The Brazilian president has urged land activists to behave "responsibly" amid a wave of land invasions in April.
As Lula spoke, squatters invaded vacant land in Sao Paulo
Speaking on his twice-monthly radio show, Luiz Inacio Lula da Silva said agrarian reform should be carried out lawfully and as peacefully as possible.
Frustrated by what they see as the slow pace of change, activists have invaded dozens of properties this month, which they have dubbed "Red April".
On Monday, hundreds of squatters were evicted from buildings in Sao Paulo.
Riot police used tear gas and rubber bullets to eject the squatters, who had occupied vacant buildings in the city centre before dawn, the Associated Press news agency reported.
However, hundreds more people remain inside a property on the city's outskirts, it said.
On Sunday, about 420 families invaded a farm belonging to Klabin, one of Brazil's biggest paper companies.
The members of the Landless Workers Movement - known by its Portuguese initials MST - allegedly cut down native forest and pine plantations.
"Don't lose your sense of responsibility," Lula cautioned activists in his Breakfast with the President show.
He said land activists had to act within the law.
"[Agrarian reform] will be done in the calmest, most peaceful way, because the landless understand that this country has laws, has rules.
"And those apply to the president, they apply to those without land, and they apply to those with land," he said.
Lula said the government aims to settle 430,000 families and grant 130,000 land titles by the end of 2006.
Agriculture Minister Roberto Rodrigues later warned that the recent invasions threatened to frighten off rural investors.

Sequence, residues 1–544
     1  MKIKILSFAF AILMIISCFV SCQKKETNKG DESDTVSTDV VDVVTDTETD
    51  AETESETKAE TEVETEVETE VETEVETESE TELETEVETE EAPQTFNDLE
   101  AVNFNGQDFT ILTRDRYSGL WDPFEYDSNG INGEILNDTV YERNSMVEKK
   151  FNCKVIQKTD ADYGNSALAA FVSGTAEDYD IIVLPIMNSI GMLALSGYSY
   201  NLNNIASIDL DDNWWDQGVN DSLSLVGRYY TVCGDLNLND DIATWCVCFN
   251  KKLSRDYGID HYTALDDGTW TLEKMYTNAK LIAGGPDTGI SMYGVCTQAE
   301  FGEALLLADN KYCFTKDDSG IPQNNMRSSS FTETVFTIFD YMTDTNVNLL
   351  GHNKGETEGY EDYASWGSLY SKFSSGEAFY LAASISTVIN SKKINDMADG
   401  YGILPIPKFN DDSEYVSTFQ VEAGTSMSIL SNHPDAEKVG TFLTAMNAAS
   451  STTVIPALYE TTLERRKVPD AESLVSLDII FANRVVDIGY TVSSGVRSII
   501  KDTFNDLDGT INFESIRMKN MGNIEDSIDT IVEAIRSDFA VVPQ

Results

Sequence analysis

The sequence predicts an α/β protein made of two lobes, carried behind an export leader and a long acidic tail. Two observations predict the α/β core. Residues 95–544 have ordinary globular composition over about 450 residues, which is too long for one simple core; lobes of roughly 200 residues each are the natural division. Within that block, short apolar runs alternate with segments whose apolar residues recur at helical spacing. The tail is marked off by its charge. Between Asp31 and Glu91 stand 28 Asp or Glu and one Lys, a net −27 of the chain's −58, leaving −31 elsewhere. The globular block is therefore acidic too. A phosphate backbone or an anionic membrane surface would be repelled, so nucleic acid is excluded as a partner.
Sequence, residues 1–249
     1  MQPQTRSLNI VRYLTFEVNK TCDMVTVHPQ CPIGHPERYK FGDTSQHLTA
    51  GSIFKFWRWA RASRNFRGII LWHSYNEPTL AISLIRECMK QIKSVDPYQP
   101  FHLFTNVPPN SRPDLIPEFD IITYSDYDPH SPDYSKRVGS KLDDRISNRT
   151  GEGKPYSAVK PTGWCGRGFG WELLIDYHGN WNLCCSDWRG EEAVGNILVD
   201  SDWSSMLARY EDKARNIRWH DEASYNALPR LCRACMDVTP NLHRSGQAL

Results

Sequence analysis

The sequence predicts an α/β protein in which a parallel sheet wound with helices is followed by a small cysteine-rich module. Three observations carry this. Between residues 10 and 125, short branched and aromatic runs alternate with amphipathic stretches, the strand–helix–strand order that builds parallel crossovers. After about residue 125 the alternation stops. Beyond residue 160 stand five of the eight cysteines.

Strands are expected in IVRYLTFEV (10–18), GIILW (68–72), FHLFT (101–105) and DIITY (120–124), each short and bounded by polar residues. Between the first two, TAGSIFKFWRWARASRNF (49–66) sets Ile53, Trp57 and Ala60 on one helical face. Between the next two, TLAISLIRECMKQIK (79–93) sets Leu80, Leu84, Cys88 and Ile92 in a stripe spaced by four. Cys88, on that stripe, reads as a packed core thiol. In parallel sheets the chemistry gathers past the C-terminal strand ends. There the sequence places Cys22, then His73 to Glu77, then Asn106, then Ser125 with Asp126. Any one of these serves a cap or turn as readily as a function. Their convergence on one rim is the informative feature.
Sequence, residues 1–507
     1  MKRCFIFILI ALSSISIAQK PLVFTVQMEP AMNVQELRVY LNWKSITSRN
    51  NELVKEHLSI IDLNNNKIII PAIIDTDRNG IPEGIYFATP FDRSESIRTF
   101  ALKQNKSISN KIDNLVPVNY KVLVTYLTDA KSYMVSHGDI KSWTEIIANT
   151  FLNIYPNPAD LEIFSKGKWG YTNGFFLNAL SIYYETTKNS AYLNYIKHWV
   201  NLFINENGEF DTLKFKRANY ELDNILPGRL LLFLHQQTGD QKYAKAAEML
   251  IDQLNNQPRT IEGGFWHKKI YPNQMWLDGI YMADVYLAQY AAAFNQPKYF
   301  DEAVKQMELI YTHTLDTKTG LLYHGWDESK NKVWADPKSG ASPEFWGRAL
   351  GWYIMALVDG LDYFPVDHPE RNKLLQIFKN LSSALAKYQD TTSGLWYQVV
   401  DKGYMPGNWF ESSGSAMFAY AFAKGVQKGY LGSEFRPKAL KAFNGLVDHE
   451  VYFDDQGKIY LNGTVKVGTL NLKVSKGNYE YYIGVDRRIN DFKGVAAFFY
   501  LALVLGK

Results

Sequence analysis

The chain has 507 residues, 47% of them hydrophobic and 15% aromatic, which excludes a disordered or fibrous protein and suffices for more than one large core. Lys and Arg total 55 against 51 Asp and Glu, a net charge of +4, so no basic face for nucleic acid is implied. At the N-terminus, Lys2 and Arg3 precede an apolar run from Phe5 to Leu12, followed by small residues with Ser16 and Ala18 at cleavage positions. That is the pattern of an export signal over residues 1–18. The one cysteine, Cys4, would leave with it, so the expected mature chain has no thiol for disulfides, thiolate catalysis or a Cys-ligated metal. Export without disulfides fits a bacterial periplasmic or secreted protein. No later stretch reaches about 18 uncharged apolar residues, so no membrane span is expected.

He also warned the remaining squatters in Sao Paulo they had no choice but to move from the occupied properties.
"The bottom line is either they get out, or they get
out," he warned.
But the squatters hit back, telling AP news agency they had no choice.
"These occupations wouldn't be necessary if the
government did more to help us find places to live," Roque Cuello said.
Correspondents say Lula is trying to counter aggressive new tactics employed by land activists.
Not only have invasions surged, but land owned by multinational companies and in use has also now been targeted.
They say Brazil has some of the most unequal land distribution rates in the world, a problem which Lula has promised to address.
And with more than a million members, the MST is also a force to be reckoned with.
But scarce resources to pay for land redistribution, and fierce lobbying by landowners, means the government is prepared to proceed with reform at a much slower rate than that demanded by land activists, observers add.